Two Steps Forward One Step Back

There is a famous Jewish teaching that has been on my mind given recent events in both women in tech as well as in general business:

It is not upon you to finish the work, but you are not free to ignore it.” (Mishna, Ethics, 2:21)

I wrote a few months ago about the HBS W50 event I attended – it was a gathering of HBS alumnae to celebrate, reflect on the progress (and lack thereof) of women in positions of leadership.  We were briefed on programs they have instituted to improve gender relations.  That program was highlighted in the recent New York Times piece

The article elicited mixed feelings from the classmates I have spoken with.  The consensus was that things as described in the article seemed significantly worse in terms of blatant sexism then when we were there.  It is incredibly disturbing to see regression on treatment of women. There was some question, however, if being married (or engaged) as the 3 local friends I spoke with perhaps shielded us from some of the issues?  Certainly there is some data to support this – the gender gap didn’t exist for married students.  Apparently since those students didn’t feel the pressure to find their mate amongst their class mates they could feel free to express themselves more fully in class.

But whether or not the situation at HBS is the same or worse than 25 years ago the most important point is that it is unacceptable and kudos to the administration for actively working on change.  That change is ruffling feathers and making people uncomfortable.  Perhaps there were missteps in the process – to be expected with such a complex problem but the point is that the status quo is not tolerable.

I was also encouraged to see the about face made by GoDaddy on their advertising tactics.  They finally figured out that it’s not good business to run derogatory advertising making your target customer feel degraded as described here.   Better late then never but progress.

Lack of progress, however, was on display at the TechCrunch Disrupt demo fiasco.  TechCrunch allowed (encouraged?) clearly misogynist demos.  I won’t link to them here because I don’t want TechCrunch to continue to benefit from such willful sexism.  This issue was so blatant that it almost defies a tactical response.  One cannot even discuss programs to target awareness and sensitivity when the behavior seemed so deliberate as to question any motivation for acceptance of women in the arena.  At least TechCrunch apologized.  At DefCon the sexist content is part of official programming – “Hacker Jeopardy” features a woman undressing.  Seeing people such as the CTO of Business Insider in reputable positions in the tech world defending offensive “brogrammers” is particularly upsetting and overwhelming.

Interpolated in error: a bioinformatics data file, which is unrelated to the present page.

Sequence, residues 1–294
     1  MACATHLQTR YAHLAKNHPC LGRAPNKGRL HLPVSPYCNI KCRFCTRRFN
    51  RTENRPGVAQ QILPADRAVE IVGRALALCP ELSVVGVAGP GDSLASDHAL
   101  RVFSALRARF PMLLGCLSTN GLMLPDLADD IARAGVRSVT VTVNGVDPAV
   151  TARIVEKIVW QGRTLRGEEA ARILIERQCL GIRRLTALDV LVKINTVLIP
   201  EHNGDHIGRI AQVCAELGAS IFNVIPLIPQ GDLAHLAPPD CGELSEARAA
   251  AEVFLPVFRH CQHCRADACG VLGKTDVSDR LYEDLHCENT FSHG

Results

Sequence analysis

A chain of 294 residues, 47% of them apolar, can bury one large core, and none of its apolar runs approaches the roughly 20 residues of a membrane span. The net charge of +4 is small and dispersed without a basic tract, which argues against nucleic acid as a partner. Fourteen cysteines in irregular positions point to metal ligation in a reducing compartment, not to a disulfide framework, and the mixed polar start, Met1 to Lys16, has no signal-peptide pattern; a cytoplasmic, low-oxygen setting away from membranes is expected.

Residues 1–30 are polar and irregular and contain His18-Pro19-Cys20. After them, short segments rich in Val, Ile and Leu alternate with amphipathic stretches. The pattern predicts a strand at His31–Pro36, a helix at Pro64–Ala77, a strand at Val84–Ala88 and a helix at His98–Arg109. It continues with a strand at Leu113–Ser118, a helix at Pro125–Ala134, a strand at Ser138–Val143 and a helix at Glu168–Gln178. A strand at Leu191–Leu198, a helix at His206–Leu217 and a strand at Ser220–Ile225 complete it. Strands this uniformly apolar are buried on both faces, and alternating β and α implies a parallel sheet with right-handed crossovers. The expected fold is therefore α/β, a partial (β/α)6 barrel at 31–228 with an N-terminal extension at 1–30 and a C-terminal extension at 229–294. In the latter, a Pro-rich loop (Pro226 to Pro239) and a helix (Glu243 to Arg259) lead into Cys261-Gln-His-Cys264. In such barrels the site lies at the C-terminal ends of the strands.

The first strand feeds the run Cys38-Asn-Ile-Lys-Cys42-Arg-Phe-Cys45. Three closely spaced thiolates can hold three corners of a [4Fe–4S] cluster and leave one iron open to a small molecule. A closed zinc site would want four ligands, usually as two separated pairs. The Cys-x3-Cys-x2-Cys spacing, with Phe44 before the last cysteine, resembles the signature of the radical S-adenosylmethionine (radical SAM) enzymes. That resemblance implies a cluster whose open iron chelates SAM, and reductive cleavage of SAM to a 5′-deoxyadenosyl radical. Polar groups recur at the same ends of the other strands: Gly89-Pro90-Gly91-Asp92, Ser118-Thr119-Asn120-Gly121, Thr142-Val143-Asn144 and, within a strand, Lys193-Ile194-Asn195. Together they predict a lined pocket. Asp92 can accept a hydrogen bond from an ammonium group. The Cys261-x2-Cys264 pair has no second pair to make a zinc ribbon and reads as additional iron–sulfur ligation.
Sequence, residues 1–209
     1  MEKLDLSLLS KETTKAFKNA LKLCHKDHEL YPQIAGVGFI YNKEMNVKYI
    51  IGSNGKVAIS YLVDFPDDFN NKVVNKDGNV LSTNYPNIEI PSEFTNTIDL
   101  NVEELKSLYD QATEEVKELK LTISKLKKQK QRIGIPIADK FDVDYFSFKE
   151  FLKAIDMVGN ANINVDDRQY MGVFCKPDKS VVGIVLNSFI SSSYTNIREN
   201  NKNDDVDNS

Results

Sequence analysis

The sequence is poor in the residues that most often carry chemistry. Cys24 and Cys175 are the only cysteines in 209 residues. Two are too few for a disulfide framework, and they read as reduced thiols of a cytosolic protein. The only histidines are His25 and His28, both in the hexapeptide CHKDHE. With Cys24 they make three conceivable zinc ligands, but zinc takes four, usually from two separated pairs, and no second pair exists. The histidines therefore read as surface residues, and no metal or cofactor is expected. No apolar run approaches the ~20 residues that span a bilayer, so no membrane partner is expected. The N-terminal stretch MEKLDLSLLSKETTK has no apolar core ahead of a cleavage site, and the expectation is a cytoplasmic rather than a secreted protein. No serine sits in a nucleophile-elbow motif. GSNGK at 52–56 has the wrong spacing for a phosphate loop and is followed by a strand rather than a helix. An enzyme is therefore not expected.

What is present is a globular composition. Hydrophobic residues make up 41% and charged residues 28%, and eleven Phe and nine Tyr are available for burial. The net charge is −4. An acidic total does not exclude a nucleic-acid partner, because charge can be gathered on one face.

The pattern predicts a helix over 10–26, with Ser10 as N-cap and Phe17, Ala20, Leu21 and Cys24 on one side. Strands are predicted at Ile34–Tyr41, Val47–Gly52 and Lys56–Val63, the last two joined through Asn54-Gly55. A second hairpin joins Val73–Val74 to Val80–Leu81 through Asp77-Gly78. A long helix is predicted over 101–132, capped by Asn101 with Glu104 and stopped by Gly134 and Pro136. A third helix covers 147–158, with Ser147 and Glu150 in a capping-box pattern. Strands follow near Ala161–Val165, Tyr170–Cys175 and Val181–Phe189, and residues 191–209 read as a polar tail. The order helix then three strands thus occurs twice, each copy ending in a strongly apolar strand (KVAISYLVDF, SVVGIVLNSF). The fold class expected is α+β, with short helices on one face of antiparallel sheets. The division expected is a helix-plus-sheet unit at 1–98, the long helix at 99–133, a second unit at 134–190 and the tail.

It is easy to be discouraged and give up trying to right the situation.  But the glimmers of hope surround us.   Institutions such as HBS in a position of influence struggling to change and changing.  Nine year old Alexandra Jordan presented the hack “superfunkidtime.com” on stage.  Business Insider sent the aforementinoed CTO packing.  All of the aspiring girl programming I’m seeing in this year’s Technovation program not to mention the apps and the teams that built them in last year’s competition.  I’m looking forward to this year’s TechWomen program where I will once again be mentoring a Jordanian female technologist.

More importantly, the opportunity is huge.  Solving the gender gap in technology would go along way towards solving the shortage of programmers.  A 2007 Goldman Sachs report concluded that closing the gap between male and female employment would add 9% to US GDP, 13% to European GDPs and 16% to Japan’s GDP.

Feeling like we can’t solve the problem is not an excuse to not make progress.  Stepping away from “overwhelmed” to concrete steps, small or large.  It is not upon us to finish the work, but we are not free to ignore it.

No Excuses Please

I had the true pleasure of speaking at the Women’s Entrepreneur Festival last week in NY.  It was a great conference organized by Joanne Wilson aka GothamGal and Nancy Hechinger of NYU’s ITP program.  I always find gatherings like this refreshing and energizing.  Here are a couple of pictures from Wednesday morning.wefblog2